The Japanese Invented A Robot Suit, Named It HAL
Seemingly in preparation for the release of director Guillermo del Toro’s Pacific Rim, the world has decided it’s about damn time human’s had real-life wearable robot suits. And late last month we got one step closer to making this a reality. A Japanese robot suit was awarded a global safety certificate.
First, the metal and plastic exoskeleton is called the Hybrid Assistive Limb, also known as HAL. Really? You designed this wonderful device to help the elderly and the disabled, and then you named it after the murderous artificial intelligence from Stanley Kubrick’s 2001: A Space Odyssey? That could be coincidence, though one that brings to mind a sinister piece of genre history. Except…
The company that invented HAL is called Cyberdyne. If that sounds familiar, it’s because Cyberdyne Systems is the company responsible for creating Skynet in The Terminator movies. You remember Skynet, right? The global defense system responsible for pushing the human race into an all-out battle for survival against the machines?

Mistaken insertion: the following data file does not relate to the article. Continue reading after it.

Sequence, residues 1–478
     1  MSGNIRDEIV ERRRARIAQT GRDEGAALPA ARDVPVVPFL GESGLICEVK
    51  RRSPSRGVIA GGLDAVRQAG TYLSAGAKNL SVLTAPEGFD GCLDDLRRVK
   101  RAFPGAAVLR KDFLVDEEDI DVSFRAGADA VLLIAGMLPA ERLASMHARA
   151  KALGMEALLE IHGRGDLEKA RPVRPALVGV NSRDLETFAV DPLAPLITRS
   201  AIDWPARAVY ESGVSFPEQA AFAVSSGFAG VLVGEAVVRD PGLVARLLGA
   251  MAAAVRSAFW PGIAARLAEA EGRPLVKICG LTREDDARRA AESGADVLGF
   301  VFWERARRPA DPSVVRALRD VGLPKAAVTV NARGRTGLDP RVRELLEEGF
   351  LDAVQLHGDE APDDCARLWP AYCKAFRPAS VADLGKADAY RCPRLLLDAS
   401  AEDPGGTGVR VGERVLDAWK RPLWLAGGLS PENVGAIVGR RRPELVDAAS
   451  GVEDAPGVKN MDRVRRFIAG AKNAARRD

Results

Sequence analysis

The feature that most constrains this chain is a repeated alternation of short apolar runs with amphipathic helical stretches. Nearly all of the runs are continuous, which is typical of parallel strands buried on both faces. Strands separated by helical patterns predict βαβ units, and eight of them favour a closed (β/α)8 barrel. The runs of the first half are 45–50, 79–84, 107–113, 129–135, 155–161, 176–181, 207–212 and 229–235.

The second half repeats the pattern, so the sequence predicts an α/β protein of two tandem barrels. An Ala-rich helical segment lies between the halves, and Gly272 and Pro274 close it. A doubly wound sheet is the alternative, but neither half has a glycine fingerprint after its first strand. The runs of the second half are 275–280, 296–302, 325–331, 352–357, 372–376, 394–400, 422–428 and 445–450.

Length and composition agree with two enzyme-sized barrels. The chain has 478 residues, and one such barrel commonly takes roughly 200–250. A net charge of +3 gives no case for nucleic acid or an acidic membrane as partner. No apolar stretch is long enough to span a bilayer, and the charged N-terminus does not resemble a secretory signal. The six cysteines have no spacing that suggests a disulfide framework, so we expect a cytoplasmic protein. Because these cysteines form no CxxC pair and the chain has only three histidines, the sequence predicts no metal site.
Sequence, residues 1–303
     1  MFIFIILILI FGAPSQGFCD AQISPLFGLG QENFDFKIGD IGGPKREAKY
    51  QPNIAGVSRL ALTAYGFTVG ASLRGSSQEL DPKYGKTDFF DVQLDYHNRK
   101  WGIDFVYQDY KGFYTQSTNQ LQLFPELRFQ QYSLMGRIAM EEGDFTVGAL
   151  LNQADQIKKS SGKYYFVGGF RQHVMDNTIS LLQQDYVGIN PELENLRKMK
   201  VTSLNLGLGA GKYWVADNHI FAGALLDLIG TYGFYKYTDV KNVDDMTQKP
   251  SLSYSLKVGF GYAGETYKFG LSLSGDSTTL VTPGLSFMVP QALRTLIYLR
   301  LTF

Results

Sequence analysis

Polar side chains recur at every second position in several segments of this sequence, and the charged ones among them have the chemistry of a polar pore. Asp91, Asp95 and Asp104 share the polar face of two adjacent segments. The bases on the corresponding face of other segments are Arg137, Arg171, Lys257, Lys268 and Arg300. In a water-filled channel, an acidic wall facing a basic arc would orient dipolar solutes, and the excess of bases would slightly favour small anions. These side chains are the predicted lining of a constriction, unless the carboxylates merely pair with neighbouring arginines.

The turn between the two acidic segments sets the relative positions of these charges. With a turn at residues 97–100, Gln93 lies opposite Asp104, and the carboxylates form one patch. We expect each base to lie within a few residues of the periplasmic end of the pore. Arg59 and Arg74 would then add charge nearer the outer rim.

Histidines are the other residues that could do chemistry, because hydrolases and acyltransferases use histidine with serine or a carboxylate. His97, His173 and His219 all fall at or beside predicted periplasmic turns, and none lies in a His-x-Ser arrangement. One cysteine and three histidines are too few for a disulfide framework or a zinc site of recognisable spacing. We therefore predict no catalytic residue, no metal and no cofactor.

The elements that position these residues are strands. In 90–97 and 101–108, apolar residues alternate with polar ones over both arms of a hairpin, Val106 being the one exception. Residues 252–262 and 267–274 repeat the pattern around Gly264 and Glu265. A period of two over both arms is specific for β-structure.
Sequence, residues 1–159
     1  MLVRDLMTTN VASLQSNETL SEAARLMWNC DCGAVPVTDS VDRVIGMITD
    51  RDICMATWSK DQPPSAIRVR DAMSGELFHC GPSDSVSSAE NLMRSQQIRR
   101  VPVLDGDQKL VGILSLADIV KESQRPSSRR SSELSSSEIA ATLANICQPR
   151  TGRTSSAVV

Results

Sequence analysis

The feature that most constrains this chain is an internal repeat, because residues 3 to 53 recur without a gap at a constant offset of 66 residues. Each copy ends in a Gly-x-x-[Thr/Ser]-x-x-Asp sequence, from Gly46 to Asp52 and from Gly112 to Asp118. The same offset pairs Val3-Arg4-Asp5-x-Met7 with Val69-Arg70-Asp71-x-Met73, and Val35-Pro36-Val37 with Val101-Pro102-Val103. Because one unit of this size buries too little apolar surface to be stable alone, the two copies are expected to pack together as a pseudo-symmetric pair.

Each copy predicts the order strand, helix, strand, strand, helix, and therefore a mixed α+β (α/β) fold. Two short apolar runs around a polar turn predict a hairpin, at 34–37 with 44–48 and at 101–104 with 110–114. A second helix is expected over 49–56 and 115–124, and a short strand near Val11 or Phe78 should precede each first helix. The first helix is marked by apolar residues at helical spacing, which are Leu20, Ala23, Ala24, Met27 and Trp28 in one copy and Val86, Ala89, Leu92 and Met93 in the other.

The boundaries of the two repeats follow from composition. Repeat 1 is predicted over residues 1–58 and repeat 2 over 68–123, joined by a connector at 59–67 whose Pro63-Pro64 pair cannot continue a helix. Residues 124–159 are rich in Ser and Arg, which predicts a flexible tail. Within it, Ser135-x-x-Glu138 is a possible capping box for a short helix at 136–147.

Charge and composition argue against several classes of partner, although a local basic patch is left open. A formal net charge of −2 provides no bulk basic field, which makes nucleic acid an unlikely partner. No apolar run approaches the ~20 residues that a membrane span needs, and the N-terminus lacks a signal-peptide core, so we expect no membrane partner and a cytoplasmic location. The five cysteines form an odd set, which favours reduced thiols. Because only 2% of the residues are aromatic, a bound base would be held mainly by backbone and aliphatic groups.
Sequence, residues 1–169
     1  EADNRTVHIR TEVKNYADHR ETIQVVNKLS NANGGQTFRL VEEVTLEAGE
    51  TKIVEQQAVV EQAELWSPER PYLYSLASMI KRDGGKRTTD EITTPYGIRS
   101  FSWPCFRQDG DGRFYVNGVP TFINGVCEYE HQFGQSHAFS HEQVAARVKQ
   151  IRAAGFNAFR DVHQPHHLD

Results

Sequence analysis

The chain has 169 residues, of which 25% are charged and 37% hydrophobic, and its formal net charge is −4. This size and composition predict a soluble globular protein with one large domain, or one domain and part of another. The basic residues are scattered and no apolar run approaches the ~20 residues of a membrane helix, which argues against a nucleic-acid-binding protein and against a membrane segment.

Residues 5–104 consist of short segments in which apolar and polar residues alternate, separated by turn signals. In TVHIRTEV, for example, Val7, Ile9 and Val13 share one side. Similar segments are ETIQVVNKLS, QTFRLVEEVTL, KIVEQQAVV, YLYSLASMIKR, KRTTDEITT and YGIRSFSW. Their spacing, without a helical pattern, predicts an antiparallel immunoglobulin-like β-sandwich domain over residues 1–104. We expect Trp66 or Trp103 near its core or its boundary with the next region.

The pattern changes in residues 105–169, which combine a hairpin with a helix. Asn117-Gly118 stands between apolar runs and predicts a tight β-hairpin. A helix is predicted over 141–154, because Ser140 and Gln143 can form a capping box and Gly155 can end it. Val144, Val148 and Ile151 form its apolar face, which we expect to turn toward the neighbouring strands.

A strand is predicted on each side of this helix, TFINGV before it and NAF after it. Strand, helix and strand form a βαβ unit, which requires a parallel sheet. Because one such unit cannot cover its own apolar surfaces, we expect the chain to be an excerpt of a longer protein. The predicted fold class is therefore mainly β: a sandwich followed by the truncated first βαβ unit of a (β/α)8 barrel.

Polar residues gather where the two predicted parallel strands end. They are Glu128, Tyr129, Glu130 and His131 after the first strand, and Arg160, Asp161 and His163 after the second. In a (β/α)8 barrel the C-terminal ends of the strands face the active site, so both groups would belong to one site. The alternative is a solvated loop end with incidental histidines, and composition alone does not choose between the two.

The article actually goes so far as to point out that “the company is unrelated to the firm of the same name responsible for the cyborg assassin played by Arnold Schwarzenegger in the 1984 film The Terminator.” You don’t run across many news stories that feel the need to remind you that we don’t live in a James Cameron movie.
Neither of these facts necessarily make me want to bestow a “safety certificate” on anything.
Now that the paranoid sci-fi stuff is out of the way, HAL is actually in impressive bit of technology. The battery-powered suit picks up on the wearer’s muscle impulses to predict movements and provide support. HAL is the first such device to receive this kind of certification.
HAL can also be used to aid in jobs that require regular heavy lifting. Workers cleaning up the Fukushima nuclear plant employed an earlier version to help support the heavy equipment they wore for protection against radiation. Robotic suits have also started showing up in hospitals and retirement homes, where workers need to be able to pick up and securely hold patients.